Many are quick to label international-schooled TCKs as spoiled, rich brats with personal butlers who never worked a day job because their parents spoon-fed them their whole lives. But if you ever plan to work with these TCKs, you’re going to have to understand that even among TCKs within one country, there will be TCK subcultures and sub-subcultures (e.g. international-schooled TCKs vs home-schooled TCKs vs MK TCKs etc). Granted there will be some TCKs born and bred to become expat pricks, but that does not mean that being in a big obnoxious international school will invariably churn out a big obnoxious TCK.

For many international school TCKs, their “luxuries” stem from company expatriate packages which aim to compensate for respective inconveniences the families have to face as part of living overseas (e.g. living in a third-world country, being away from family, security etc.). For them, the lifestyles they’ve grown accustomed to in their host countries vary significantly from that of their parent country. Sure, every other family may have an ayi (domestic helper) or a masseuse who comes to your house twice a week, but that’s only because you’re living in China where labor costs are next to nothing. For my family at least, we would never be able to afford this same expat lifestyle back in Singapore (see Brain-Masher 5).

Understanding your TCK youths’ backgrounds (why they moved, parents’ jobs, previous places they’ve lived etc.) lends a better understanding of the various issues they face and, hopefully, eliminates some of the pre-conceived negative biases of TCKs.

5. Adjusting to life outside of the TCK world.

No one stays a TCK forever. When a TCK hits that imminent age of 18, all bets are off. That great expat family package? No longer covers your medical insurance (though your younger siblings still count). Your flamboyant en suite bedroom with a Jacuzzi and heated floors? Shrunk to a dorm room you now share with your eccentric college roommate. Goodbye ayi and private driver, hello public transport.

I dub this the Shunyi Bubble Effect – a phenomenon many of my own friends are all too familiar with (Shunyi is the name for an area north of Beijing dominated by the expat package set). Lifestyles aside, TCKs who leave are faced with yet another enigma – social support. Sure, high school kids leave home for college all the time, but most of them do so with an entourage of the same high school friends who may very well end up in the same college. Transitioning to the next chapter of your life isn’t so bad when you have familiar faces for support right? Not so much for a TCK. A third of your social group ends up in the US. Your best friend is now in London. Your other best friend is now in Australia. Another friend has decided to take a gap year and help breed baby turtles in Indonesia.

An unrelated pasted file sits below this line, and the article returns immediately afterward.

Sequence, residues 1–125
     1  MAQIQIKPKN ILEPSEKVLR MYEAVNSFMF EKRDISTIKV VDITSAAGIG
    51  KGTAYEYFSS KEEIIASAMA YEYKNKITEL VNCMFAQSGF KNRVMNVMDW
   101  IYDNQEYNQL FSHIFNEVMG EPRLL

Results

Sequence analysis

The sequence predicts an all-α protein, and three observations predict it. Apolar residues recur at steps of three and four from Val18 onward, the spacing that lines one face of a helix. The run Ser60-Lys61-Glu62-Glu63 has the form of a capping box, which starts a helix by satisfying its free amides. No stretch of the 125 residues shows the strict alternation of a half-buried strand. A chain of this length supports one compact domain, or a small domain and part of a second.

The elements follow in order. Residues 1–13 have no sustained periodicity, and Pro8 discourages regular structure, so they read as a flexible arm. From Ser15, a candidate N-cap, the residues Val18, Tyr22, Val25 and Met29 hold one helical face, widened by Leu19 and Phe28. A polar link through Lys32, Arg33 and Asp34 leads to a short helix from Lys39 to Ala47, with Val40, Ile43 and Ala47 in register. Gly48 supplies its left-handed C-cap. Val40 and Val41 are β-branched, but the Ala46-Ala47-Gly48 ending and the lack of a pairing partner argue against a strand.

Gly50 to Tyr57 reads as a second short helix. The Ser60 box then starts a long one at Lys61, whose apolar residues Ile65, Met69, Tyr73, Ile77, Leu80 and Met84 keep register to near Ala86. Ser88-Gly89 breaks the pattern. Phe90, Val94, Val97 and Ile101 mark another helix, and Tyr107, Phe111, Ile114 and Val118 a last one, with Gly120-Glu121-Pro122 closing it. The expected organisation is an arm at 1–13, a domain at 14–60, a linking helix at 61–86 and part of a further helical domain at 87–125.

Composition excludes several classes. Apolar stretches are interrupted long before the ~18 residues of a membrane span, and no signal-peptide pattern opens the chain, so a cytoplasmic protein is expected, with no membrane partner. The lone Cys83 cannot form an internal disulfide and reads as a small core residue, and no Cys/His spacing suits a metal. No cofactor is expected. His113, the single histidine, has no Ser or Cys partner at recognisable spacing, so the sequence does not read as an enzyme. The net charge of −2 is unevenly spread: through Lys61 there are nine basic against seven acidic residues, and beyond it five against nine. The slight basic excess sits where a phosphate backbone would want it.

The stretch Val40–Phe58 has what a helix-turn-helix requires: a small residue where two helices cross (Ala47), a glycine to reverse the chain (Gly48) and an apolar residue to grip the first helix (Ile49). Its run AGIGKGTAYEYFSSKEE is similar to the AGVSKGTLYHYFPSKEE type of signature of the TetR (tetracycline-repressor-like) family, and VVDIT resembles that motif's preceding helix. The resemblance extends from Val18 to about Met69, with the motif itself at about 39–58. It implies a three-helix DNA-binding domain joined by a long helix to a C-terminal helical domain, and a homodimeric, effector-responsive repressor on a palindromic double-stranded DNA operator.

Just like Brain-Masher 2, the drastic changes that accompany a TCK’s transition out of the TCK bubble can have significant impact on TCK youth. And scrambling to get back in or recreate the bubble may not be as straightforward either. Like trying to join a Chinese society only to be reminded that, despite living 9 years in China, you are in fact not Chinese (as did one Sri Lankan friend). Or to “show up for International Students Orientation but get barred from entering because you have a US passport”, as did another friend.

Working with mashed brains

Culture shock, reverse culture shock, identity crises, confronting misconceptions, and dealing with ever-changing environments are just a few of many things that mess with a TCK’s brain. The thing is, most TCK youth probably won’t admit that these are the things that bug them till they’ve been away for long enough and come back as ex-TCKs. Or they aren’t aware that these are the things that WILL bug them once they leave the TCK bubble, be it as a high school senior or a college freshman or a returning TCK.

This is where TCK youth workers come in, to better equip these TCK youth for a life away from the comfort of a world so unique to the TCK community. Hopefully this article helps you better understand the areas in which your youth are struggling. Better yet, talk to them and ask them what their Brain-Mashers are!

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One response to “5 Things That Mess With A TCK’s Brain: A guide to helping you relate to TCK youth

  1. Sheryl

    July 12, 2011 at 6:16 am

    Great post, Joyce! My only point of contention is with your statement that “no one remains a TCK forever.” But they do! The K part of TCK merely states when you became part of the Third Culture. It doesn’t mean that you maintain kid status forever like some Peter Pan wannabe. As you become an adult, you add an A to the front of the appelation–you become an ATCK, an Adult Third Culture Kid. :) So, I guess you’re right—you don’t stay a TCK forever. You eventually become an ATCK.